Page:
CS 341 – Lab 1
Computer Architecture and Organization
Introduction to the Arduino Microcomputer
Equipment: Arduino UNO microcomputer, PC with Arduino IDE installed, and a USB cable. Prototyping components and wires.
The Arduino microcomputer is a low end
microprocessor on a small printed circuit board. In our lab configuration, it includes a small
breadboard for prototyping and connecting peripherals.
In our lab, the Arduino UNO will be the target host
for our experiments and the PC attached to it via the USB cable will be the
development host. You will use the
Arduino.exe IDE program to edit, compile, download, and monitor the execution
of your “sketches” (experimental programs).
The “sketch” software is written in a language that is almost exactly
like C. There are a few extensions to
the language and a custom library to access the peripheral hardware input and
Your first assignment is to set up your Arduino
system and run the example “Blink” program.
Connect the PC to the Arduino UNO board using the
USB cable. Open the Arduino.exe program.
Use the menu: File >>
Examples >> 01.Basic. Select the
Blink program which will open a new window containing the source code for the Blink
program. Use the “right arrow” icon on
the top tool bar to compile and upload/run the code on the Arduino board. Watch the LED’s on the Arduino board during
the upload to observe it occurring. Once
the program starts running, the yellow LED will be flashing at a rate of one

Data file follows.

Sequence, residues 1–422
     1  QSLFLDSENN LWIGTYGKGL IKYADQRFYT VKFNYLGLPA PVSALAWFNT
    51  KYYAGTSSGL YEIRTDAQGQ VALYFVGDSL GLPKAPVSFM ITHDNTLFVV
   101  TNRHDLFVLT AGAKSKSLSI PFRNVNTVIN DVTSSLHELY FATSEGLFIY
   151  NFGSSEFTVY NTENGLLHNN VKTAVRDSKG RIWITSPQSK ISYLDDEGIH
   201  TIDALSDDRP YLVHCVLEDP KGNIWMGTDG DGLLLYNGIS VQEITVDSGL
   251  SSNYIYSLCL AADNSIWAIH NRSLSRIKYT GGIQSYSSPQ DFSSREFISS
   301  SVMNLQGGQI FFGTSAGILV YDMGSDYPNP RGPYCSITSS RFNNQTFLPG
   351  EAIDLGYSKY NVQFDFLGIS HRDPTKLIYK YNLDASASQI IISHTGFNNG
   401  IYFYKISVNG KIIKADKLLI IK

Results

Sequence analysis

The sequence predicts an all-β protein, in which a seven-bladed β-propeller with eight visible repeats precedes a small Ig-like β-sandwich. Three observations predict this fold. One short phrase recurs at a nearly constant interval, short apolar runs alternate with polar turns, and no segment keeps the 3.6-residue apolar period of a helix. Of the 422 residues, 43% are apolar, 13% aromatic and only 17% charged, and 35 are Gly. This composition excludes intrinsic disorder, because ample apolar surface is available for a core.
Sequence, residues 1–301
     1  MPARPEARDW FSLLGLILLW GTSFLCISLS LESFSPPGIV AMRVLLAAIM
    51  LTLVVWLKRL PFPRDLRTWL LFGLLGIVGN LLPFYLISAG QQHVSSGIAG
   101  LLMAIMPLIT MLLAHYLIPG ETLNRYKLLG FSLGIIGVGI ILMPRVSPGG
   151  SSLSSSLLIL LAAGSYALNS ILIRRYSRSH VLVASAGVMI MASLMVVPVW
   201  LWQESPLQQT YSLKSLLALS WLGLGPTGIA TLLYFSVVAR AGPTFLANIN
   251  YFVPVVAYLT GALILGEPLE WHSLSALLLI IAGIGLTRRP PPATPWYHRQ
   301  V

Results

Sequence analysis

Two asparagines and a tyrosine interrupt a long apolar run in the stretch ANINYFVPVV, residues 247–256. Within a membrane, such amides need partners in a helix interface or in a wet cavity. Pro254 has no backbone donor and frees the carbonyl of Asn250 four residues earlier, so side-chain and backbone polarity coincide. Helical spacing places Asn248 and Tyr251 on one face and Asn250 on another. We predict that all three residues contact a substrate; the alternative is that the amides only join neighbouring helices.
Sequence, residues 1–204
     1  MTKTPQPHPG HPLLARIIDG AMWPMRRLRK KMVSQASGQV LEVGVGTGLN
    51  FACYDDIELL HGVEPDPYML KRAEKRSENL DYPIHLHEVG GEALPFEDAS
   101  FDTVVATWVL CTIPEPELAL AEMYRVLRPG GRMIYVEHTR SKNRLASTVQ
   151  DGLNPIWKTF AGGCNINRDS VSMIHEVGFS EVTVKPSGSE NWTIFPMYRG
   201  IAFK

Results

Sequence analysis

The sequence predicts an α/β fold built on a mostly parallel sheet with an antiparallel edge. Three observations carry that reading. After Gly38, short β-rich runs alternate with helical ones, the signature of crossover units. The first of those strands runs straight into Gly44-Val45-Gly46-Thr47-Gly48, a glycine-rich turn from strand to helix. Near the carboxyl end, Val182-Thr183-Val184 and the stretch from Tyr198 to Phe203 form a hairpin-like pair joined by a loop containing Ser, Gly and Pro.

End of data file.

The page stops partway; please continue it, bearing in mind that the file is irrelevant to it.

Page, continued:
second on and one second off.
Now study the code in the source of the sketch. Find the lines that control the flash rate
for the blinking LED. Change those lines
to slow down the flash rate to one half of the current rate. Repeat the steps for compiling, uploading,
and running your modified code. Show the
TA when you have this working.
Now disconnect the Arduino board from the USB
port. NOTE: When you are adding, changing, or removing wiring on a prototype
connected to the Arduino UNO board, always disconnect the power from the USB
port and check your wiring carefully before reconnecting it to the USB port. Otherwise, you may damage the Arduino board. If
you have any doubts, show your wiring to the TA before reconnecting it to the
Insert an LED and a resistor in series on the
breadboard to pin 12 on the Arduino board following the design shown in this
picture. The longer leg on the LED
should be connected to the resistor.
The resistor should be 470 ohms which you can
determine from the color of the bands around the body of the resistor (yellow,
violet, brown). See the standard resistor
color code table:
First Band Second Band Third
Black 0 0 no zeros
Brown 1 1 one zero
Red 2 2 two zeros
Orange 3 3 three
Yellow 4 4 four zeros
Green 5 5 five zeros
Blue 6 6 six zeros
Violet 7 7 seven zeros
Gray 8 8 eight zeros
White 9 9 nine zeros
Again study the code in the source of the
sketch. Find the line(s) that control
the pin being used to flash the LED.
Change the line(s) to use pin12 instead of pin 13 to flash the LED on
your breadboard. Repeat the steps for
compiling, uploading, and running your modified code. Show the TA when you have this working.
Naturally, you want to run your embedded system
without an “umbilical cord” to a development station. A mobile device usually has its code stored
in a non-volatile memory and is battery powered. Disconnect the Arduino from the USB
cable. Plug the battery pigtail into the
connector next to the USB connector on the Arduino board. It should power up and run your sketch
independently. Now it is portable.
DISCONNECT THE BATTERY PIGTAIL BEFORE PUTTING THE
KIT BACK IN THE STORAGE CONTAINER.
As a team, write your lab report to explain what you
did, how you did it, and what you learned about interfacing hardware to a
microprocessor and its software (the “sketch”).
Turn in your report at your next lab session.
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